While you’re looking at the vents to see if they have insulation, hold your hand close to any joints to see if there is air leaking. Another common cause of your AC not cooling your home are leaks in the air ducts, which can be tricky to spot when you’re not looking for them.
#7. Clogged Air Ducts
If there isn’t enough air coming out of your vents, then it doesn’t matter how cold your AC makes the air because you’ll never feel it.
If you’ve already replaced your air filter, you should get an HVAC technician out to you right away.
More than likely you’ll need a duct cleaning, but you should find out if the low airflow issue is being caused by a malfunctioning AC blower fan first.
#8. Frozen Air Handler
There is water vapor in the air all around you.
One of your air conditioner’s jobs is to dehumidify the air in your home.
It does this by passing the air over the evaporator coils, which are extremely cold because of the refrigerant running through them. The water vapor in the air turns into a water droplet and gets stuck to the coils because they’re so cold.
The air that passes through the other side of the evaporator coils is now “dehumidified” because the water vapor is removed from it.
When your air conditioner is working regularly, the evaporator coils will get full, and the water will drop into the condensate drain pan below.
Your unit has to maintain a careful balance of airflow and pressure for this to work properly.
Some malfunctions can mess this up though, and if there is a lower airflow, then the water can hang out on the evaporator coils too long. If the water stays on the coils too long, then it can freeze on there.
Even a thin layer of ice formed on the coils increases the frequency of more ice forming even in the future because it lowers the volume of air passing over the coils.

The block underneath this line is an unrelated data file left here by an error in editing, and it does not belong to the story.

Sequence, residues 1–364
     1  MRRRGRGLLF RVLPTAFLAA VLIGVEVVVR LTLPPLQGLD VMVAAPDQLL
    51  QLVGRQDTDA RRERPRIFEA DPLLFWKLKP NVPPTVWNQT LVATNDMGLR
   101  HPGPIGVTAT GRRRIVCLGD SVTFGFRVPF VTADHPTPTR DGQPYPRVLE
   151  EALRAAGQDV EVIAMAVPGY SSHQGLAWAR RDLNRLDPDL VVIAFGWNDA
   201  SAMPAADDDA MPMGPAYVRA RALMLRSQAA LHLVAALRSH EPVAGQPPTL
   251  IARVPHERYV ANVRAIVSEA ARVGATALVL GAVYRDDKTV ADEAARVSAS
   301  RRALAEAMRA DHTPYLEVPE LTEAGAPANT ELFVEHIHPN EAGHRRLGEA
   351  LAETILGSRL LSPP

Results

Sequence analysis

A whole block of ice can form if this goes on for too long!
You’ll notice when your AC isn’t cooling the air at all. It seems a little counter intuitive, but the ice prevents the air from passing over the refrigerant.
If your AC is frozen, turn it off and allow about 24 hours for it to defrost.
You want to be sure that it’s completely dry before you try to use it again.
Assuming you’ve already looked at the air filter, check the evaporator coils.
Are they dirty?
If they are dirty, try cleaning them.
Professional HVAC companies have a special cleaning chemical they spray on the coils, but you can try to clean them yourself by gently scrubbing the grime with a soft brush like a toothbrush or a toilet brush. Be careful not to bend the fins or the coils at all.
If the grime isn’t coming off, you’ll want to get an HVAC technician out to service your unit right away.
Your technician will be able to clean the fins more thoroughly and inspect the blower fan for a malfunction.
When Do I Need to Call an AC Technician
It’s frustrating when your AC isn’t cooling your home, especially in the Florida summer.
If you’ve tried to resolve your unit’s issue with these steps and you still can’t get it to work, you should get professional help.
The issue could be something mechanical, which they can help you diagnose.
If Your Air Conditioner Isn’t Cooling Your Home, Call A+ Air Conditioning for AC Service Repair in Gainesville
You can get one of our friendly, licensed HVAC professionals from Gainesville to Ocala and everywhere in between! If you weren’t able to fix your situation with our directions, contact us and we’ll make sure your AC is working in no time.Schedule Service